The Gospel’s Effect on Life and Songs – An Interview with Caroline Cobb [Part 3]

In part 3 of an interview with singer/songwriter Caroline Cobb, Bob & David talk with her about the effect the gospel has had in her parenting as well as the story she seeks to tell through her songs.

Psalms: The Poetry of Prayer:

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CC: The throne room of God is overwhelming, we would be consumed if it weren’t for Christ, but yet he’s inviting us to walk in boldly because we have Christ.

BK: Yes.

CC: And so as we were walking that, I think there’s this line that we get to walk as Christians where, His holiness makes us wanna hide in fear, but His gentleness… This is another song I wrote a long time ago, says, “You can hide right here in the rock.”

David Zimmer: Welcome to Sound Plus Doctrine, the podcast of Sovereign Grace Music where we explore what the Bible has to say about music and worship in the church and encourage those who plan, lead, and participate in their Sunday gatherings each week.

DZ: Hello and welcome to the Sound Plus Doctrine Podcast. My name is David Zimmer.

Bob Kauflin: My name is Bob Kauflin.

DZ: And again, on the Sound Plus Doctrine Podcast, our very special guest, Caroline Cobb.

BK: Welcome back.

DZ: Welcome back.

Caroline Cobb: Thank you.


BK: It’s great to have you. We’ve had…

CC: Thanks, guys.

BK: Great times with Caroline. And if you haven’t heard the previous two episodes, you should listen to those, ’cause both of them were fantastic. And that was not because of what you and I contributed, David.

DZ: Sure.


BK: Because of what Caroline contributed.


DZ: If you didn’t listen to those podcasts, who is Caroline Cobb?

BK: Caroline Cobb… Well, I should probably let Caroline tell who she is, but…

DZ: Yeah, go ahead. Caroline, who are you?

BK: Let me just say a little bit… Wait a minute, wait a minute.


BK: Let me just say a little bit. I first heard of Caroline from her album The Blood and the Breath 2013. And it was this collection of songs written… Well, she had attempted this project to write a song from every book of the Bible, in a year. Which I thought, “Who would do that?”


BK: And rather than… Crazy person.

CC: Crazy people.


BK: Rather than producing an album of 66 songs, she selected the ones that were the best. And it was just a beautiful album. That’s when we heard about her. And then, we’ve had her at a couple of WorshipGod Conferences.

DZ: Yes.

BK: And it’s been just a joy to get to know Nick a little bit. I think I’ve met your kids once, maybe. But just to see the way God has worked in your life, through your life, not only as an artist, but we’ve mentioned this on the other podcast, just as a wife, a mom, faithful member of a church, you are seeking to model the good news that you’re getting out in song. And it’s just such an example because the message we communicate dictates the way we live. We can’t separate those. And in this artist-driven culture, we can tend to do that.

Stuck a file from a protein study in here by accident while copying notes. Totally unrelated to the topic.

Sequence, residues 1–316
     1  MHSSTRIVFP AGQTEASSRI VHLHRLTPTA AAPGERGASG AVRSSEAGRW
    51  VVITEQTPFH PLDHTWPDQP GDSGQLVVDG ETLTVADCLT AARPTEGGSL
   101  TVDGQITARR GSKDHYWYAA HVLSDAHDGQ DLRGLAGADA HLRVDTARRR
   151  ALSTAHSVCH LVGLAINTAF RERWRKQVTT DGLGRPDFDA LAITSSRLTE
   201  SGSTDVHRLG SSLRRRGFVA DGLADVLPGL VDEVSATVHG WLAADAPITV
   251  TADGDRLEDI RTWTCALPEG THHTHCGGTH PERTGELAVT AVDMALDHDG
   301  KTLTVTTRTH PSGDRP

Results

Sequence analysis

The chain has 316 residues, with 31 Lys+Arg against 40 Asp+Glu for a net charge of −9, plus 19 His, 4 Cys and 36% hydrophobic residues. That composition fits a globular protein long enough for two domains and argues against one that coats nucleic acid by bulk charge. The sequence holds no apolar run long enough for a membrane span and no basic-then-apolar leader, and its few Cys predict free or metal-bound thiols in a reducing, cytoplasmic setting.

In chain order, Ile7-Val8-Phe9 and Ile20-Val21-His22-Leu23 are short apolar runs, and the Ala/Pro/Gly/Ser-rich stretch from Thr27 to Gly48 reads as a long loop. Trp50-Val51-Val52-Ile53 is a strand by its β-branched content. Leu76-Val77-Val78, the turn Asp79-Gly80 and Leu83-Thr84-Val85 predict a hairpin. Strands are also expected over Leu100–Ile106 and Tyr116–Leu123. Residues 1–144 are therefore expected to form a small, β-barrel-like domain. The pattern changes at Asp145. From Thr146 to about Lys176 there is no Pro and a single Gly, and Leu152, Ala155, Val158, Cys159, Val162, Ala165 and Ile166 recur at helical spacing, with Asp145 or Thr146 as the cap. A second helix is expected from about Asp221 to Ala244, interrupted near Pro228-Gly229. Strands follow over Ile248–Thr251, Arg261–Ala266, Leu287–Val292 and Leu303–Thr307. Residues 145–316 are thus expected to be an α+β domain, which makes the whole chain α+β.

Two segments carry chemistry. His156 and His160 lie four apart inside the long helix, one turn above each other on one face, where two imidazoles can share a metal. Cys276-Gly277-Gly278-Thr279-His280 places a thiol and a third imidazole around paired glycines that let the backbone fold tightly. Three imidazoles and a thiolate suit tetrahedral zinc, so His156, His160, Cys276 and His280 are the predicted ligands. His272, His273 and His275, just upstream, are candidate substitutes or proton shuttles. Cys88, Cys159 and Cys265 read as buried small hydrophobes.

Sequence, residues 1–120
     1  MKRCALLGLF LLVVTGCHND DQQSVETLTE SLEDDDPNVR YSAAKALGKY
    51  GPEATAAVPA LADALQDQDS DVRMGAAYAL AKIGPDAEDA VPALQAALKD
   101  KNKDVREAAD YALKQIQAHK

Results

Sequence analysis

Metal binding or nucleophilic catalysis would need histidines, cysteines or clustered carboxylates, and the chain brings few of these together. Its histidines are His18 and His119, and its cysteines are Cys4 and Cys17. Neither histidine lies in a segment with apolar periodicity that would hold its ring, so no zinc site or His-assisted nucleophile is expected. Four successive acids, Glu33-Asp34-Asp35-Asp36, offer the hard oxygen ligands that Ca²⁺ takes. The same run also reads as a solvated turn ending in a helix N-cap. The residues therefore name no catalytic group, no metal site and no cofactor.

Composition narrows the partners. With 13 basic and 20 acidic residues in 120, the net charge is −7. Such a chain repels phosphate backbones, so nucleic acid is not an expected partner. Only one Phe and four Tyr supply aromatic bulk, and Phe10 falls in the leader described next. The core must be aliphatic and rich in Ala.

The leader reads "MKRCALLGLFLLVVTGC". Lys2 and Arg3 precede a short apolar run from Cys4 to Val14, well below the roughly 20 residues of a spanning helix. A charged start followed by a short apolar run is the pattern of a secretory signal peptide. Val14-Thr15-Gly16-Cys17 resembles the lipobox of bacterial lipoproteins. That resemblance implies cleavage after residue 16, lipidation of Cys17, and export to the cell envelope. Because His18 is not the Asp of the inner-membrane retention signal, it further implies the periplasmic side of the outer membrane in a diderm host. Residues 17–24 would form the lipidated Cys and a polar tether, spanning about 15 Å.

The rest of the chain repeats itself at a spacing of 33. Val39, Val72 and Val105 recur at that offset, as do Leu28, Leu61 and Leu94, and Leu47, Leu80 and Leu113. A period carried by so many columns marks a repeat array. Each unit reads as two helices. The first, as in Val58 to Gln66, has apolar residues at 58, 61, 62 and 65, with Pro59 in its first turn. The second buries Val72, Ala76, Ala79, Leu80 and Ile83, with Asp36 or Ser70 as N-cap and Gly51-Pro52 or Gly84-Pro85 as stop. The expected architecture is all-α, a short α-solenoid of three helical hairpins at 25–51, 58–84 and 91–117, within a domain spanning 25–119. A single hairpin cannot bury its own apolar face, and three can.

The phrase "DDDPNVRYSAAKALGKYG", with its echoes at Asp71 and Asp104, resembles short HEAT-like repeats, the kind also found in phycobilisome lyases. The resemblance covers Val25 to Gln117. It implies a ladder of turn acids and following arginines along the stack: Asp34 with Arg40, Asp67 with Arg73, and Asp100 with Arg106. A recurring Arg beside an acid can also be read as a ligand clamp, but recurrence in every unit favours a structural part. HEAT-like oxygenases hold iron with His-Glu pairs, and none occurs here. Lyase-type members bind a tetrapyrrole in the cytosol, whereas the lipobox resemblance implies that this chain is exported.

DZ: Yes. Right. Well-said.

BK: And you’re an example of someone who doesn’t do that. We’re grateful for that and that’s why we wanted to have you on the podcast.

CC: Thanks for saying that.

BK: So, absolutely. And you have an album that may be out now, I don’t know, Psalms: The Poetry of Prayer. ‘Cause you have the alliteration in every album title. And…

CC: Yes.


BK: Which is great. We’ve talked a lot about your creative process, we’ve talked a lot about the creative calling in motherhood, and we just wanted to take one episode and talk to you, ’cause this is something that you mentioned, talk to you about how a deeper understanding of the Gospel has affected your role as a mom, your role as an artist, it sounds like your songwriting. We would just love to hear you talk about that. I think it’s helpful for moms, for sure, dads probably as well.

DZ: Yes.

BK: And anybody, really, listening to understand better, “Okay. The Gospel, Jesus died in my place… ”


BK: And all that that entails, all that that surrounds that, how does that become more real in your life? And maybe, I wouldn’t think we’ve done this, just talk a little bit about how you grew up. Did you grow up in a church home? How did you become a Christian? Those kinds of things.

CC: Yeah. I can talk about the good news of the Gospel for a long time just because…

BK: Yes.

CC: I feel like I’ve… Yeah. Well, starting from the beginning, I grew up in a home that we did go to church. We didn’t talk a lot about God at home. And the church that I grew up to was a little bit more… The preaching wasn’t super rich per se, it was a little bit more of a church that people went to socially, that kind of thing. But also, I had a veil over my heart. So they could have been…

BK: Yes.